There are certain fathers that stay aloof from their kid's hobbies. At least one time your father was not. Can you tell us the famous caper of the item you bought at Rocky Glenn Park's auction?
On August 24th 1988, Norton's of Michigan (long before there was an eBay) were and are the world renowned auctioneers of the famed Rock Glen Park, an institution in this region for a century. I could not get the day off from the NBC Television Network at 30 Rockefeller Plaza New York City where I was working so special arrangements had to made between my father, Penn Security Bank and Norton, weeks before the auction. As I had already pre-arranged to be there myself and had spent about $150.00 for registration (just for the privilege of bidding) my bank had to provide a statement of funds contained in a savings or checking account so if a bid were made for an item that day, they knew there was sufficient funding via the bank to accept the bid, it still works this way today. This was a very complicated process especially in 1988. I told my father I wanted 4-items I thought may still be available for auction and were still in use in the arcade up to the early 1980s, the first being a Dodgem from the bumper car ride, the 2nd: the "Williams" mechanical bulldozer arcade game. For a nickel the player had to push as many 'dried lentils' into a chute which led to a scale, pushed by a player-controlled bulldozer at a work site mock-up, after which the high score (for the total amount of beans moved) would get another free game, the 3rd - the Mike Munves Corporation 'Grandma' paraffin wax, motorized fortune teller in an oak and glass 'phone booth' sized cabinet, which for a dime, the figurine dressed in 1920s clothing would move her hand over a tarot card deck and illuminated crystal ball and a fortune would drop out of a wooden slot beneath the coin slot, the 4th was an oak 23' SkeeBall alley. It turned out there were many amusement park 'operators' there, the carousel horses from the Merry-Go-Round, all Skee-Ball alleys and all Dodgem cars went to massively high bidders from other parks around the country and are still in use (the Merry-Go-Round is now in Central Florida.) The Williams "Construction Site" bulldozer was probably scooped up my Marvin Roth of the Roth Novelty Company on Pennsylvania Avenue Wilkes-Barre (before the auction) as many of his collection items were displayed at his "Station Complex" property at Market Street Square in the early 80s. The 'Grandma' was available but my father knew there were going to be some high stakes involved with this, as the bidding "started" out at $5 thousand! I had told John to go just a little higher than $10 thousand for any item if it was available, "regardless of condition" and although he thought I was out of my mind, he complied. The bidding slowed around $9 thousand and it was just my father and the bidder from the South in it. The auctioneer asked for $9500 and the floor was silent - my father threw in the final $10 thousand (although he later told me he would have gone to $11 firm) and the bidding ended! Although refurbishing the cabinet and mechanical elements "detracted" a bit from its worth (even with kid's initials, cigarette burns and chips in the oak cabinet, it would have been worth a bit more if I left it as is) Weller Woodworking from Hamlin was the ONLY place I would even dream of allowing to redo the piece! Chris Weller was so taken by the 'Grandma' he asked permission from me to allow video-taping of the restoration process to be used in their demonstration video for prospective clients, "still in use today!" The total restoration cost an addition $10 thousand including precise detailing of every screw, bolt and nut of the machine during dismantling as the entire 1200 pound cabinet had to be immersed in the wood-stripping solution tank. Today, 3 'Grandmas' exist in the world, two are in Germany, owned by US citizens, and mine - last appraised in 2000 (for insurance purposes) at over $77 thousand, and restored to pristine '1st State' museum condition.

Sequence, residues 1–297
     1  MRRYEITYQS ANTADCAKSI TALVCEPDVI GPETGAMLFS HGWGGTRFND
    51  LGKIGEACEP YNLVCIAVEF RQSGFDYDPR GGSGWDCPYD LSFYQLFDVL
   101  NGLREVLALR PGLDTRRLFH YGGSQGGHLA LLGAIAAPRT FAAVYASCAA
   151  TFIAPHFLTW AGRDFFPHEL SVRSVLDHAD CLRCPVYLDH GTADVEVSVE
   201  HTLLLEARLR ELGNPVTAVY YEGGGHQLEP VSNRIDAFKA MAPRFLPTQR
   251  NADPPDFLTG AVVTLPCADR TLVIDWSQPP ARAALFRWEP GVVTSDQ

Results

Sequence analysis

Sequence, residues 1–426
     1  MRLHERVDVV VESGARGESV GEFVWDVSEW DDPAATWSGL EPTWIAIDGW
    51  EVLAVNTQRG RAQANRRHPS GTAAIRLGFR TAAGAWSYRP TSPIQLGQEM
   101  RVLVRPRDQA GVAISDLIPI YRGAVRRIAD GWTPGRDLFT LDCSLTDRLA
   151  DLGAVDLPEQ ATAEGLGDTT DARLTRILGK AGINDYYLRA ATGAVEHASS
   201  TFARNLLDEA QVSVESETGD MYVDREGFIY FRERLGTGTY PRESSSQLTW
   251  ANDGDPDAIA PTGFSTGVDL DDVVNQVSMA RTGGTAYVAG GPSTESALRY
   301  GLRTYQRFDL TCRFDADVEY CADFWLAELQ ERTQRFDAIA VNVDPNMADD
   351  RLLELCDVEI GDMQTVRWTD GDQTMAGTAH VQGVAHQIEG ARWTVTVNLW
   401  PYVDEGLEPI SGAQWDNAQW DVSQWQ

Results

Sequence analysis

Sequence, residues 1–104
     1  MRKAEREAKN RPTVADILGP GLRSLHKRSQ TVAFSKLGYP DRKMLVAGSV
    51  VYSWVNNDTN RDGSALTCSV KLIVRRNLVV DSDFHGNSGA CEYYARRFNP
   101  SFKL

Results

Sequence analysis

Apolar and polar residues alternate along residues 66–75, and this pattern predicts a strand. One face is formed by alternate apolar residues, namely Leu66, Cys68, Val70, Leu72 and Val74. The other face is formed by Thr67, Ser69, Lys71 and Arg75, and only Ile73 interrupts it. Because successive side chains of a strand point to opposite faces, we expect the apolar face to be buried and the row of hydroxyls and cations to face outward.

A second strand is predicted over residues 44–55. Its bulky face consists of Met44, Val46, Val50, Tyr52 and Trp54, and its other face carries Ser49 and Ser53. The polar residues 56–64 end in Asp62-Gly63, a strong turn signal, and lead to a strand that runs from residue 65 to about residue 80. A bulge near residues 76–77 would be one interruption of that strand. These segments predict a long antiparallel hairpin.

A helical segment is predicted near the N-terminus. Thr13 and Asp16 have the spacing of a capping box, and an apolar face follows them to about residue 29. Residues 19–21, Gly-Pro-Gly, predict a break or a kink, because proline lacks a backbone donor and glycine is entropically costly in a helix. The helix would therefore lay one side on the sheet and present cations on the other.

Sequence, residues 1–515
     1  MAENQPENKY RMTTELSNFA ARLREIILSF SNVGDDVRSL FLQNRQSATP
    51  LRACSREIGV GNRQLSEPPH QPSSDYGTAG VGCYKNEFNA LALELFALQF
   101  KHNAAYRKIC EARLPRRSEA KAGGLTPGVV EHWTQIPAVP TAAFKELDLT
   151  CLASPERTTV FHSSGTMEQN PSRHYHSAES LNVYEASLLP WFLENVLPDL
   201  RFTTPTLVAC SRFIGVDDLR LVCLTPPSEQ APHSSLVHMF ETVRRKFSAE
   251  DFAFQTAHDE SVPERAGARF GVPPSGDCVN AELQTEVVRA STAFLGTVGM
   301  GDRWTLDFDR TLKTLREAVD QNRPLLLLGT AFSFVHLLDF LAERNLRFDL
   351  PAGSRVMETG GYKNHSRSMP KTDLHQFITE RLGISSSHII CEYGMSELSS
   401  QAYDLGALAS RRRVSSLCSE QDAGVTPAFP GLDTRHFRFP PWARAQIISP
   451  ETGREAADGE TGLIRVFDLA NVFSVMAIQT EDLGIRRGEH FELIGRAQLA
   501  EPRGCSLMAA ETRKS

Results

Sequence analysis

Okay, going to put you on the spot. What was your favorite place to go in the summer with your dad. Rocky Glen Park or the Mr. Peanut Store at the Gateway Shopping Center in Edwardsville?
Great question David, how did you know?
I remember everything people tell me. It’s a blessing and a curse. So which is it?
My father would stop at Mr. Peanut almost every Sunday in the Gateway Shopping Center Edwardsville for fresh-made peanut brittle. Although John and I hiked past Rocky Glen Park starting at River Street Scranton, walking south along the adjacent Erie-Lackawanna Railroad track (which still exists) during the winter of 1968, we were NEVER both at Rocky Glen Park together.
I always have this small wish that if I could get my father back for one minute in this lifetime, I'd be happy. I figure I'd tell him something or ask him something. If you had that opportunity what would you say to your father?
I'd be happy just to see him again. We were like the 1974 Harry Chapin song "Cat's In The Cradle", we never had time for each other - either he was working or I was working out-of-town in New York City all my life, and when we finally had a few minutes, he was gone. Thank you for letting me share these personal moments with you and the BlogSpot readers, David!
My pleasure. Wish I had met him.